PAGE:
20 June 2006

Does size count?

In answer to the perennial management question about the best size for a team, the answer from the academic frontline is . . . wait for it . . . 'it depends'.

This is an undoubtedly too-flip summary of a more sophisticated discussion by professors at Wharton business school, who suggest that while optimum size can be an important consideration and depends partly on the team's role, it's not the most important feature in putting a team together. The team's tasks and the mix of skills required are likely to be primary.

By the way: if your team has more than five people in it... oh-oh!


19 June 2006

Will dialogue build trust?

If lack of trust is an issue in your organisation, would dialogue be a helpful way through it? In this short excerpt from his book on conflict, Mark Gerzon makes a case for using dialogue in organisations, and usefully summarises some of what distinguishes dialogue from debate.

I can't see that Gerzon provides much evidence in this excerpt for his assertion that dialogue fosters trust (though I'm biased to believe this). And if it isn't obvious, I would add that I think the assumptions and attitudes inherent in dialogue can also represent a frame of mind with which you can approach any conversation: it doesn't have to be a facilitated process for groups as a whole to follow.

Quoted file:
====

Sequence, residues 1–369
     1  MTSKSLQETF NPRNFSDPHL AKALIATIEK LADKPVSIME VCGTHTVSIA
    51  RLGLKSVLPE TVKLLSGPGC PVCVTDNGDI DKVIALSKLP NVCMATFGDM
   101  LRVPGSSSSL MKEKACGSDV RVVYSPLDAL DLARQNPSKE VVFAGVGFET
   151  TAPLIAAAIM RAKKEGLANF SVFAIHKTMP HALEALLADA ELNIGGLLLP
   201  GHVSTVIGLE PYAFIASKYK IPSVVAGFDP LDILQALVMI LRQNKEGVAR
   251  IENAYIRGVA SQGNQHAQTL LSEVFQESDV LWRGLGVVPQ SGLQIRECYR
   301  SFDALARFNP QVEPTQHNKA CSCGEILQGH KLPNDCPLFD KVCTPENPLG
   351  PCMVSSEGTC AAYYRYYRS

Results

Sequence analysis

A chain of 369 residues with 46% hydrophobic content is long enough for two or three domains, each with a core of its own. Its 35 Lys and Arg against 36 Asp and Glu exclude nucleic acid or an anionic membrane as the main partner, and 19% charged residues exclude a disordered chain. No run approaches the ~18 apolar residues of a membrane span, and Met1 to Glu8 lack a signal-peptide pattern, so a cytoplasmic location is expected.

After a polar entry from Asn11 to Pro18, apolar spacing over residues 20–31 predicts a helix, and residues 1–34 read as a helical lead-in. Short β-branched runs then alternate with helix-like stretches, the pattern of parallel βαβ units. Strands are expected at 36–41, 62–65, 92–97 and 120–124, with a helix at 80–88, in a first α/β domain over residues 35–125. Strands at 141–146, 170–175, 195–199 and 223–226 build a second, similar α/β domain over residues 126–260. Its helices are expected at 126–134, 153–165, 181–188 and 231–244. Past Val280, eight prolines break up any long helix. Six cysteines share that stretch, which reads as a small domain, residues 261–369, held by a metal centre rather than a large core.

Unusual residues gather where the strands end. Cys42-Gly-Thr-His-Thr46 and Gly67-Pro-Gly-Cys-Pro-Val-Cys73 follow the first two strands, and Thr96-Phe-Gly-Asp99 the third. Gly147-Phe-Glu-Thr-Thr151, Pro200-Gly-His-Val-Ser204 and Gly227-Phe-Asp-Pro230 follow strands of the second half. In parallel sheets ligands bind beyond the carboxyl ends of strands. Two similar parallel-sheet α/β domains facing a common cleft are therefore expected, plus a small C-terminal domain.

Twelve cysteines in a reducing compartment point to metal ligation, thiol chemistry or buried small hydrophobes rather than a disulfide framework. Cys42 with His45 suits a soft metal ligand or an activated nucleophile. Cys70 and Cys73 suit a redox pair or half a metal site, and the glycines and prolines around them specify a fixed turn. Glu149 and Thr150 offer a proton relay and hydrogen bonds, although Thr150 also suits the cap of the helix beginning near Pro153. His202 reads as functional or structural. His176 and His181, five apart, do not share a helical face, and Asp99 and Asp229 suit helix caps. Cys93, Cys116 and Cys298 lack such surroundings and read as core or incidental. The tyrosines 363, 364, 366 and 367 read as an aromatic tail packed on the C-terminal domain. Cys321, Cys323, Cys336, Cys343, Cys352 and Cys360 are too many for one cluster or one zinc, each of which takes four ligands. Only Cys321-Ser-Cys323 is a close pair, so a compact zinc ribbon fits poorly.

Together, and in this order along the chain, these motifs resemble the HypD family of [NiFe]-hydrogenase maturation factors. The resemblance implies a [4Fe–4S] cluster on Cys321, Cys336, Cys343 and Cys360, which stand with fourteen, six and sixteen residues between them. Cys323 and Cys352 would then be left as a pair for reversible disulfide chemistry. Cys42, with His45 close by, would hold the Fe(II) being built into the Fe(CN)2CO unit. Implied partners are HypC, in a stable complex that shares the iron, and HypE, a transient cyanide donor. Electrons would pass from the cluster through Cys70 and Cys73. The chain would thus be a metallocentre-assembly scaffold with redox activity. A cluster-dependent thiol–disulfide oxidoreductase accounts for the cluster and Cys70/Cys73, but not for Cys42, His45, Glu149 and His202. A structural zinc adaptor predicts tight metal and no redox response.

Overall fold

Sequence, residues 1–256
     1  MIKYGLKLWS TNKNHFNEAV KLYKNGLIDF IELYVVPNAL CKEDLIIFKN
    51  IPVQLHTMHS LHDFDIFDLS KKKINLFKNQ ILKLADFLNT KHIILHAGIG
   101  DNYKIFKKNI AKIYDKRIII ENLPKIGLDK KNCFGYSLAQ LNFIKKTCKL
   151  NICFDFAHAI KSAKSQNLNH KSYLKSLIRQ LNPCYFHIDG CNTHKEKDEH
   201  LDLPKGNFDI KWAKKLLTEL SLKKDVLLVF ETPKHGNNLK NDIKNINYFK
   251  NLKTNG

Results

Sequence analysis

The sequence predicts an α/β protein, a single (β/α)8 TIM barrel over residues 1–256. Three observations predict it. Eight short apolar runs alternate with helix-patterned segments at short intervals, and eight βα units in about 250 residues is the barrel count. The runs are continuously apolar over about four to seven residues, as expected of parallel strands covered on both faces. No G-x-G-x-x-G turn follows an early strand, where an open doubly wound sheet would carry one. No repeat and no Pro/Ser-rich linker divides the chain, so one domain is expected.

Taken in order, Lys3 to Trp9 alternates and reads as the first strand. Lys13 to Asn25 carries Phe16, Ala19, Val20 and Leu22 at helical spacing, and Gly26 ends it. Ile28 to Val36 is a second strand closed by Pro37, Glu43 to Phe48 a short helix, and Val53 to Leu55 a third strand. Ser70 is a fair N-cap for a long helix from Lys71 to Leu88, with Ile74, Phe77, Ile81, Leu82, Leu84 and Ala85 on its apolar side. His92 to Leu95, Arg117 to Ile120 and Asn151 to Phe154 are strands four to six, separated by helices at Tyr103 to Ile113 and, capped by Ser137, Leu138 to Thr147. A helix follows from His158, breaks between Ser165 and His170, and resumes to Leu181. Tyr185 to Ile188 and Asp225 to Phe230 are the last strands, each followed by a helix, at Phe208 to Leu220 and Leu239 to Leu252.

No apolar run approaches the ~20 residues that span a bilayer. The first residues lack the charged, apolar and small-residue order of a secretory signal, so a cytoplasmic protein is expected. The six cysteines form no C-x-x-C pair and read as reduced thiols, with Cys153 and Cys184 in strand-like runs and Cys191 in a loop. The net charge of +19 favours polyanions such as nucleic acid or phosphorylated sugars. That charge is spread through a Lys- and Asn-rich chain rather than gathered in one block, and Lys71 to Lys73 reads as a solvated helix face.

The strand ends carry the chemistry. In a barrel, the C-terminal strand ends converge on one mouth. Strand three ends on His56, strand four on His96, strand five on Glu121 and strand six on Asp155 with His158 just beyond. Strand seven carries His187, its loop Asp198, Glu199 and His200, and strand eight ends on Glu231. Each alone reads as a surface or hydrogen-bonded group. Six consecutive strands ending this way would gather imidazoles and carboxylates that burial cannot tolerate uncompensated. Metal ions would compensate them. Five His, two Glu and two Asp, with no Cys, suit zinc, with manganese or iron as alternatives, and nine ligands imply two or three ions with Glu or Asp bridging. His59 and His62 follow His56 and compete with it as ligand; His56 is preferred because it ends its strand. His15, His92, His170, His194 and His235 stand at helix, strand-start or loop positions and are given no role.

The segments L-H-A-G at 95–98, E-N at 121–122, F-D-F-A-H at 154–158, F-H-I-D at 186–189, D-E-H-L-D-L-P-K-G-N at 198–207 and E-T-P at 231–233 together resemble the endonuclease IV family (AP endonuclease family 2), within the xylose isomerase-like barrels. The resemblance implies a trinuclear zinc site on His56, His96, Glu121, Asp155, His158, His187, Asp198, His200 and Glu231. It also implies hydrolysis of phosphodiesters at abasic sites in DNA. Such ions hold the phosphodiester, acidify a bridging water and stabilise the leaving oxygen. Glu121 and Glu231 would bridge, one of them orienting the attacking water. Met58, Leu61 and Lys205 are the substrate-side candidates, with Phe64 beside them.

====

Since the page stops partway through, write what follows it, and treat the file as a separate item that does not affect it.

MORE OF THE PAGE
17 June 2006

Storytelling - ownership and meaning

Last week I went to the international conference of the International Association of Business Communicators (IABC) in Vancouver. One of the recurring themes (fads, some might say) running through some of the presentations was that of story telling, or narrative.

The most important insight, for me, on this topic was not found at the conference, however. I found it on a card at Vancouver's Museum of Anthropology, in front of a display of Native American totem poles:

"Only those who know and have the right to the stories can tell the meaning of the totem poles."
This raises questions in my mind about story telling in an organisational context. Who owns the stories? What totems acknowledge that ownership? Who can tell the meaning of the stories?

The idea that different stories might be owned by different groups, that we might create artifacts to remind a community (or organisation) of different stories, and that ownership and meaning are somehow integral to each other, suggest a highly developed social and conceptual framework for narrative that both intrigued and delighted me. I wonder to what extent business communicators' relatively recent enthusiasm for storytelling rises to the sophistication of the communities that carved these poles.